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Seneca Buffalo Creek Casino's WD Bar and Grille shows flair

Most modern casinos are intentionally showy: massive video screens, eye-catching slot machines, vibrant colors, flashing lights and oft-over-the-top decor temporarily transport customers to a palace of luxury.

The same premise carries over to the eating establishments within these casinos - they're meant to be impressive in their fare and decor. WD Bar and Grille, the Seneca Buffalo Creek Casino's foray into upscale dining, is now open, serving customers daily, beginning at 5 p.m. on the casino's second floor.

Seneca Buffalo Creek general manager Joanne Israel and new WD chef Montez Crane met with the media Thursday, describing the highlights of the restaurant and giving a tour of the premises.

*LAYOUT: While the two adjoined dining rooms are fairly standard - the room to the west is bathed in natural light, while the eastern room is more dimly lit - at narrow patio on the restaurant's perimeter seats 25-40, with standing room for close to 100.

While it's not exactly a waterfront view, the General Mills plant, the Cobblestone District and glimpses of the skyline aren't too shabby.

The restaurant tables inside WD Bar and Grille. Twenty-five to 40 people will be able to eat on the patio, too, with standing room for roughly 100. (Ben Tsujimoto/Buffalo News)


*IDENTITY: WD Bar and Grille downtown intentionally separates itself from its sister restaurant, The Western Door, in the Seneca Niagara Casino in Niagara Falls, with a handful of menu options.

Rotating flavors of deviled eggs, a Mediterranean Board, two different flatbreads, the 12-ounce hanger steak and the ahi poke are exclusive to the Buffalo casino; read Andrew Galarneau's recent dining review of the Niagara Falls' Western Door here, especially useful because many of the menu offerings overlap.

Menu at WD Bar and Grille in the Seneca Buffalo Creek Casino. Please click for a larger image. (Ben Tsujimoto/Buffalo News)


*STEAKS: Steaks are the most expensive items on the menu, and Chef Crane clearly cares about tracking down choice cuts across the world. For instance, the grass-fed 10-ounce ribeye ($55) comes from Black River Farms in Vermont, while the 12-ounce wagyu 12-ounce NY strip ($65) arrives from Greg Norman Cattle Ranch in Australia.

While there's some debate over dry-aging vs. wet-aging meat, WD chooses the latter, and that quicker process still results in a tender, juicy product. Crane is an advocate of the hanger steak, exclusive to WD, which used to be called the Butcher's Cut because it was rarely found in stores - butchers tended to hog these for themselves.


*FLARE FLAIR: The restaurant's biggest piece of showmanship comes in the form of a dessert - the tableside s'more, which is a thin layer of chocolate melted with a blowtorch over homemade marshmallow and a from-scratch graham cracker cookie.

The parfait, a spin on Grandma's pudding, starts with peanut butter cake and blends with old-fashioned pudding and caramelized bananas. It has sold out every day WD has been in business. WD makes its own gelato, too.

The tableside s'more is made with housemade graham cake, housemade marshmallow and a chocolate ganache which is toasted at the tableside and finished with white chocolate anglaise. (Sharon Cantillon/Buffalo News)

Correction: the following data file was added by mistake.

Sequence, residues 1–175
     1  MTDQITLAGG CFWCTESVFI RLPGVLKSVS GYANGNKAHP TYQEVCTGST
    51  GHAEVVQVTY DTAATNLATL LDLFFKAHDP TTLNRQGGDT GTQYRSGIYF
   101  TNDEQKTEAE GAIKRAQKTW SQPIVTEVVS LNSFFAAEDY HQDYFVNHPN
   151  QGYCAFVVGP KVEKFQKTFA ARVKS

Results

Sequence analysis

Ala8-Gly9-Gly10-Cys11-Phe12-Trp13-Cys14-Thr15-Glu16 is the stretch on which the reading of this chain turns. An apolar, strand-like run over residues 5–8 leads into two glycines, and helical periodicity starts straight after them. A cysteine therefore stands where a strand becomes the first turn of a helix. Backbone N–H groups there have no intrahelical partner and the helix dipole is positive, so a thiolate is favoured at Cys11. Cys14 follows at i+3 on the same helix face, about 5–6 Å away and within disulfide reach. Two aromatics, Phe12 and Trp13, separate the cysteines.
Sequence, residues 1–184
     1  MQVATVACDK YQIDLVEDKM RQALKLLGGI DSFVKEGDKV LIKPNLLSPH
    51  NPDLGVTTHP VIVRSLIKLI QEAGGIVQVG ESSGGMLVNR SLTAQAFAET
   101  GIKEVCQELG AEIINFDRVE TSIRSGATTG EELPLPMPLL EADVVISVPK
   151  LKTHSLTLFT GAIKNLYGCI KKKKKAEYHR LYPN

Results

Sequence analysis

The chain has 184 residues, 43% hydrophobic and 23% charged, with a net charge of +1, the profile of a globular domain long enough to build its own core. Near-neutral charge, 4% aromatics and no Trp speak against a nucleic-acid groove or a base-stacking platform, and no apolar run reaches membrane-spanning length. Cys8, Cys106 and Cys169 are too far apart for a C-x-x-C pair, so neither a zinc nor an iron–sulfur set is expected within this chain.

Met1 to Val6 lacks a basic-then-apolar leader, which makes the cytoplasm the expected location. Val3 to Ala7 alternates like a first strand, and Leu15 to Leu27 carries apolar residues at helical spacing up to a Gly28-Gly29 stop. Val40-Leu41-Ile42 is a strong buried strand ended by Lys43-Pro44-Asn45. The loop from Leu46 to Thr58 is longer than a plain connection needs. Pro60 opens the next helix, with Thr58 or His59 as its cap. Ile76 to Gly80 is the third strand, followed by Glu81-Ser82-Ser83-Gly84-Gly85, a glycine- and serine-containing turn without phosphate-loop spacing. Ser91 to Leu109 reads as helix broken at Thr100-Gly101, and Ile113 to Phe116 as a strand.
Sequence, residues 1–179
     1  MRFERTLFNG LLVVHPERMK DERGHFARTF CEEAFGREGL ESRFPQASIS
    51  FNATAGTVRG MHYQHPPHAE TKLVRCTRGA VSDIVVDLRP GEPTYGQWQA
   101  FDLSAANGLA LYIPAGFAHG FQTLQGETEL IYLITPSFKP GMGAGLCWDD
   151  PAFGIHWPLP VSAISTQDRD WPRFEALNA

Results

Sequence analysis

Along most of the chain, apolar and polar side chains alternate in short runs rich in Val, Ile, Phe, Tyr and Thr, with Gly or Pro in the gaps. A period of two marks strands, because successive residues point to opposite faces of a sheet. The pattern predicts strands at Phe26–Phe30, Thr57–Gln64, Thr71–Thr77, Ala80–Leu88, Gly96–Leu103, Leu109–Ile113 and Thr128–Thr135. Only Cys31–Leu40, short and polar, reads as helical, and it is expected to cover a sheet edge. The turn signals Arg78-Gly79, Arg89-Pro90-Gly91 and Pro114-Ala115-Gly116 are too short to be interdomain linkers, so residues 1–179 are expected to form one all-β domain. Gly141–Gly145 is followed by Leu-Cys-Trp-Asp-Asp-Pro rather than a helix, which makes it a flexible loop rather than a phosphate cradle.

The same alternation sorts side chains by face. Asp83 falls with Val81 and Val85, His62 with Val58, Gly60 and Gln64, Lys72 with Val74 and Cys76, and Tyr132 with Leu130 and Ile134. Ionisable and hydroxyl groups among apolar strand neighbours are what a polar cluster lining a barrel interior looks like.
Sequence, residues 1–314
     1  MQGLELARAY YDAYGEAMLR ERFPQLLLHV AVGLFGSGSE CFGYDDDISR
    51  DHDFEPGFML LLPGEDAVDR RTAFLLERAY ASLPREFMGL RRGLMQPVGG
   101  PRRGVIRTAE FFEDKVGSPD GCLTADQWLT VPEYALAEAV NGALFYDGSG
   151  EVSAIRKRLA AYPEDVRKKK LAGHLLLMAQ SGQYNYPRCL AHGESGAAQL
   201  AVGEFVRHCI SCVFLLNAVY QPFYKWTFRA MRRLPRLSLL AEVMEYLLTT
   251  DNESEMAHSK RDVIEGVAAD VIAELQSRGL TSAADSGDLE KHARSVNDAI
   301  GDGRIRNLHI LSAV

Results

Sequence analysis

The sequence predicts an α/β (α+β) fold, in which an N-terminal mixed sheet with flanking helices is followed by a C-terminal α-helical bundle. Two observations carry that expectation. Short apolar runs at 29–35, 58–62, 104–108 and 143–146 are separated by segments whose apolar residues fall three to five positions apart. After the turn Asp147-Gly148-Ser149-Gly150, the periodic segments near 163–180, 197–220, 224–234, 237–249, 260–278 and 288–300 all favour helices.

*EXTRAVAGANT BURGERS: The media tasted slider-sized versions of the WD Burger, which is available with one ($19) or two ($26) 8-ounce patties and is served with Corfu-based Yancey's Fancy sharp cheddar cheese, bacon, lettuce, tomato and onion rings, with your choice of an assortment of condiments (red chili aioli was a good choice).

Chef Crane raves about the meat mixture in the burger, a combination of ground chuck, sirloin and brisket. Although it was cooked a cautious medium to medium-well for the media, the thick patty was a little more hearty and rich than your average burger. The buttered brioche was a terrific complement.


*EGGS: While WD didn't trot out any steaks for the media to sample (probably smart), the classic deviled egg and an arugula, poppyseed and bacon version ($8) represented one of the casino's specialties. The arugula-poppyseed-bacon eggs were decidedly better, lending a richer flavor (and serving as something that's not as easy to make in your kitchen).

WD's classic deviled egg, right, with the arugula, poppyseed and bacon deviled egg to the left. (Ben Tsujimoto/Buffalo News)


*INTRIGUING SALAD: "House salad" is often easy to equate with "boring." But WD's version weaves together baby bibb lettuce, red and gold beets, radish, Mariposa Dairy goat cheese (from Ontario), sun-dried strawberries and white balsamic vinaigrette, exciting ingredients for a usually drab starter. Although it was served to the media in a rather unwieldy cone, the flavors were sprightly.

Bibb lettuce, radish, gold and red beets, Mariposa Farms goat cheese and more are involved in the WD Bar and Grille house salad. (Ben Tsujimoto/Buffalo News)


*SPECIALS: Chef Crane teased some specials coming in the future, including lamb sous vide, in-house smoked sausage and WD's own charcuterie. The restaurant hopes to start a rooftop garden to grow herbs.


Why not have another look at the tableside s'more, via News photographer Sharon Cantillon?

Seneca Buffalo Creek Casino's WD Bar and Grille presents a tableside s'more. (Sharon Cantillon/Buffalo News)

INFO: WD Bar and Grille inside Seneca Buffalo Creek Casino, 1 Fulton St. Hours: 5 to 11 p.m. Sunday through Thursday, 5 p.m. to midnight Friday and Saturday.


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